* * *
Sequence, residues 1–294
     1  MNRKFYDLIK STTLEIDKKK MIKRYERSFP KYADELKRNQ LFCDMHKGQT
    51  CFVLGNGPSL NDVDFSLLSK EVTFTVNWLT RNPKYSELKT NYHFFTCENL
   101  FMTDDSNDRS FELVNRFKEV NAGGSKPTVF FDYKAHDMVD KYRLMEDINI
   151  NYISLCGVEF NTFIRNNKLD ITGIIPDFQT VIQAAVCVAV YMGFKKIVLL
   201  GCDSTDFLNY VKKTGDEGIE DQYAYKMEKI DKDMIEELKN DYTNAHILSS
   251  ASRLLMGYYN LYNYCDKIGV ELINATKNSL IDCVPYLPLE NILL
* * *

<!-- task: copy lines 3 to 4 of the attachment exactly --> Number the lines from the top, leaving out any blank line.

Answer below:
    51  CFVLGNGPSL NDVDFSLLSK EVTFTVNWLT RNPKYSELKT NYHFFTCENL
   101  FMTDDSNDRS FELVNRFKEV NAGGSKPTVF FDYKAHDMVD KYRLMEDINI